Friday, December 13, 2013

Whither Shakespeare? Part III - Whither Laertes?

June, 1960

At the end of the school year, my mother gave my brother, sister, and me autograph books.  Our friends and teachers wrote us messages and signed their names.  My mother wrote: 

“This above all- to thine own self be true, 
And it must follow, as the night the day, 
Thou canst not then be false to any man.”
  - William Shakespeare. Hamlet Act I, Scene iii.

These words were part of Polonius’s farewell lecture to his son, Laertes, who was eager to leave Denmark and get back to France.

My family members were gathered at a holiday dinner recently.  I mentioned this quote.  My brother declared that our mother wrote the same words in his book.  We asked her why she chose that quotation.  She said,

“I wanted you to be true to yourselves.”

I suspect, though, that these words were commonly used by adults in young people's autograph books. At this point, my 20-year-old nephew said, "What's an autograph book?"

"It's kind of a Facebook wall that we could carry with us."

Now many years after these words were written in my autograph book, I wonder at their meaning.  Being true to one's self seems much easier to say than to do.  An academic friend wrote me with this dilemma:  He said:  "I am expected to go to the book launch cocktail of a colleague whose ideology I don't admire and whose book content I'm not interested in."

Going to the event might be advantageous in some respects, although if he is seen as endorsing an ideology he does not agree with, it could soon be a disadvantage as political power moves from one academic group to another.  In this case, being true to himself seems the only safe recourse.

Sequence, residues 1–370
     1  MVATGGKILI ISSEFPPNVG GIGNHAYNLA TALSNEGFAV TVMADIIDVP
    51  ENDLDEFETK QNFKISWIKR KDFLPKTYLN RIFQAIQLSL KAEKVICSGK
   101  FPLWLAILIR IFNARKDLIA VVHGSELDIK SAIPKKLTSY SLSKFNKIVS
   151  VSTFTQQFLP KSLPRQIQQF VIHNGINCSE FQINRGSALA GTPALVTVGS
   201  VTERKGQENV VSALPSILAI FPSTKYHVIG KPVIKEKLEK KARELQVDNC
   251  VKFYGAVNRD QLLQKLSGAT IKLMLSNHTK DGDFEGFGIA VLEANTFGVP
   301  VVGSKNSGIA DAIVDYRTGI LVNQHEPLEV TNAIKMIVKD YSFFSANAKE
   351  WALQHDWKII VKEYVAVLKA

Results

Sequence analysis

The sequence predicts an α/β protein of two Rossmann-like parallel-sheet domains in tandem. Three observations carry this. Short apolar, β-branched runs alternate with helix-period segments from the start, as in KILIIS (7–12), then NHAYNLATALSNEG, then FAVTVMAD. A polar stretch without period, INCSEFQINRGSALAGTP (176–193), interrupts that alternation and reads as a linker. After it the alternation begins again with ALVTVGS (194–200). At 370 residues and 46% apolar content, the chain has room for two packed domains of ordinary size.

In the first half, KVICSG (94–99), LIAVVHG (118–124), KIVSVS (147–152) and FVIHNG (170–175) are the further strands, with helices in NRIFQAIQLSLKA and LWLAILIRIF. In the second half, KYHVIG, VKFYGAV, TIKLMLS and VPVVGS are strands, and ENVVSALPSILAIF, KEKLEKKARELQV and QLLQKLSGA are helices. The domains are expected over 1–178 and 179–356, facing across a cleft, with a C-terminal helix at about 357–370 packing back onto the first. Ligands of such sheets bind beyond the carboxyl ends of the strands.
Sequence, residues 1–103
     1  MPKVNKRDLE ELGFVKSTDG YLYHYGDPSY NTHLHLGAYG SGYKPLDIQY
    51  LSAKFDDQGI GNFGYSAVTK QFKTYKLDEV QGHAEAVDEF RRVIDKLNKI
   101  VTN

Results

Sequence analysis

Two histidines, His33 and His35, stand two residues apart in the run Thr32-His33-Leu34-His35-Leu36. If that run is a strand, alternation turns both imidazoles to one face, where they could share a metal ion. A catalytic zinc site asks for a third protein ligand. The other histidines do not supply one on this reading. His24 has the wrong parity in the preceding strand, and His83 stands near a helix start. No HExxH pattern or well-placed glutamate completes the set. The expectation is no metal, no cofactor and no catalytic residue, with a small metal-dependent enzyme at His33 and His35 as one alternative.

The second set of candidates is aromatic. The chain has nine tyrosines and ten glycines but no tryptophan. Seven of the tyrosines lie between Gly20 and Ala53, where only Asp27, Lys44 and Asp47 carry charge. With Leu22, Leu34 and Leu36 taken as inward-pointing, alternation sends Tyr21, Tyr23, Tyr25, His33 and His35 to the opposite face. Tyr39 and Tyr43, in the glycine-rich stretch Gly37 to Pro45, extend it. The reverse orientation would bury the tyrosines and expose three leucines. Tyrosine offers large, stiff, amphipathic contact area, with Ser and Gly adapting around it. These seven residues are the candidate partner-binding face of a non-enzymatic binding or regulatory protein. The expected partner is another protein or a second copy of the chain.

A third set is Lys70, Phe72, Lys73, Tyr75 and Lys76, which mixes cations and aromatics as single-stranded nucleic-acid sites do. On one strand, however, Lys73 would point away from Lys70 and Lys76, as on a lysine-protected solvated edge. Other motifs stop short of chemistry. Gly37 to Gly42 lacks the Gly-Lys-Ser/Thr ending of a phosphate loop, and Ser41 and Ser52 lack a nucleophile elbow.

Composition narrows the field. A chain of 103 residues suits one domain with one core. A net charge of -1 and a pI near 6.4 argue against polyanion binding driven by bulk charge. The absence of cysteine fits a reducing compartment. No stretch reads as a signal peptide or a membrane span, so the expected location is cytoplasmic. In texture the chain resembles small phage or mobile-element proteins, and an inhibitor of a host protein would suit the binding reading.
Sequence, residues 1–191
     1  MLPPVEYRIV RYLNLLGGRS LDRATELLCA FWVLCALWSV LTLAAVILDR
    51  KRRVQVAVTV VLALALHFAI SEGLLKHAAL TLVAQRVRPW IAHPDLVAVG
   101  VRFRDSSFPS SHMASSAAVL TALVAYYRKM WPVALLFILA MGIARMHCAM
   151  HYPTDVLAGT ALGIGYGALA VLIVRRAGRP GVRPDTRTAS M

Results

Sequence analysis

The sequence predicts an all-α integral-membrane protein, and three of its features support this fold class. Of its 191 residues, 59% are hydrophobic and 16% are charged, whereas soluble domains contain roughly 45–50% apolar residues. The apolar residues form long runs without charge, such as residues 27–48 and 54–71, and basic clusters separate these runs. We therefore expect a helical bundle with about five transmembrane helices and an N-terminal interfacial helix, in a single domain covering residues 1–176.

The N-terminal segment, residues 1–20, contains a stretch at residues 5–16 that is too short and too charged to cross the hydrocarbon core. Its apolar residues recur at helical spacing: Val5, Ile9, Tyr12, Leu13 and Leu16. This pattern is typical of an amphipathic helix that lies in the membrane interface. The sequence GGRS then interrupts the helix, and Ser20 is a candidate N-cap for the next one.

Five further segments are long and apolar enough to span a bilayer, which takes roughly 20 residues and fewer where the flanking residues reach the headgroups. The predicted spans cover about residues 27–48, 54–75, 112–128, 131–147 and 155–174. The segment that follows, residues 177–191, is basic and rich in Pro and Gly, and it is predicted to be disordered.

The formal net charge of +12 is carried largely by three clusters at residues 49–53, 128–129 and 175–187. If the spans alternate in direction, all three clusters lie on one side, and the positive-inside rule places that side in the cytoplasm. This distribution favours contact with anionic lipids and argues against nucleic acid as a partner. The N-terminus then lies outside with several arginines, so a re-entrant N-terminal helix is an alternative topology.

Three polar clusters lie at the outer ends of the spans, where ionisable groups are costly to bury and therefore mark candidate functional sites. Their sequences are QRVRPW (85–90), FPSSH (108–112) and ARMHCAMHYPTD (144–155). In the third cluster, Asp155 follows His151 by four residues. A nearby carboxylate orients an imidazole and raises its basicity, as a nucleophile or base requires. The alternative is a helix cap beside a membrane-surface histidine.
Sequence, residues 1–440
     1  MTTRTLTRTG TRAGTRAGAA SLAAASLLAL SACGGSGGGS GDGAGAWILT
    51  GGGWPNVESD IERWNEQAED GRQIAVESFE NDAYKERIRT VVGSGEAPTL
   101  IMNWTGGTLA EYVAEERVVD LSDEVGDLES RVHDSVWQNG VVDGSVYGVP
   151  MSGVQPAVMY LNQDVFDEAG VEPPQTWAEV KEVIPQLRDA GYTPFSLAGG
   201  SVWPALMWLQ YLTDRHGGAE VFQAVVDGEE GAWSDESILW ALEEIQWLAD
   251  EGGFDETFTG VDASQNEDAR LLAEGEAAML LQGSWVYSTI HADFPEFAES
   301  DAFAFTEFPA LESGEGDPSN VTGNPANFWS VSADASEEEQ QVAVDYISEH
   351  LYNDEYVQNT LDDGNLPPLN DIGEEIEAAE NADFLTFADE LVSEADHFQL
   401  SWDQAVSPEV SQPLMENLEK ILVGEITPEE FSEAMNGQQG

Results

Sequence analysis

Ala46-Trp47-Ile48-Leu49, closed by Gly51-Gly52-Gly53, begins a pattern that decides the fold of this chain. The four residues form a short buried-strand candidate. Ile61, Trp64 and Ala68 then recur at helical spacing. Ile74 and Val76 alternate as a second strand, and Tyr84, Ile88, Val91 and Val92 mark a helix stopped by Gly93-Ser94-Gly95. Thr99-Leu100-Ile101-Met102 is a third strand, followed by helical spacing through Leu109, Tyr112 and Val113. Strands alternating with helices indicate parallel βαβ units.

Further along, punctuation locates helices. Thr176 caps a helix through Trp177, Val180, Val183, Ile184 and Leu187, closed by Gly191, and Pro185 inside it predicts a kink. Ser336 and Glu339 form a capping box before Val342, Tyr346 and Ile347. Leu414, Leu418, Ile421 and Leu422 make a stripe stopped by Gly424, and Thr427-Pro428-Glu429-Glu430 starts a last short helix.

Being true to ourselves gets easier as our values become clearer.  With experience, we become more aware of what we can and cannot tolerate.  We become attuned to the discomfort that accompanies being untrue to ourselves.  Eventually, we can anticipate those situations and avoid them.

Here is Polonius's advice to Laertes:

See thou character. Give thy thoughts no tongue,
Nor any unproportioned thought his act.
Be thou familiar, but by no means vulgar.
Those friends thou hast, and their adoption tried,
Grapple them to thy soul with hoops of steel;
But do not dull thy palm with entertainment
Of each new-hatch'd, unfledged comrade. Beware
Of entrance to a quarrel, but being in,
Bear't that the opposed may beware of thee.
Give every man thy ear, but few thy voice;
Take each man's censure, but reserve thy judgment.
Costly thy habit as thy purse can buy,
But not express'd in fancy; rich, not gaudy;
For the apparel oft proclaims the man,
And they in France of the best rank and station
Are of a most select and generous chief in that.
Neither a borrower nor a lender be;
For loan oft loses both itself and friend,
And borrowing dulls the edge of husbandry.
This above all: to thine ownself be true,
And it must follow, as the night the day,
Thou canst not then be false to any man.

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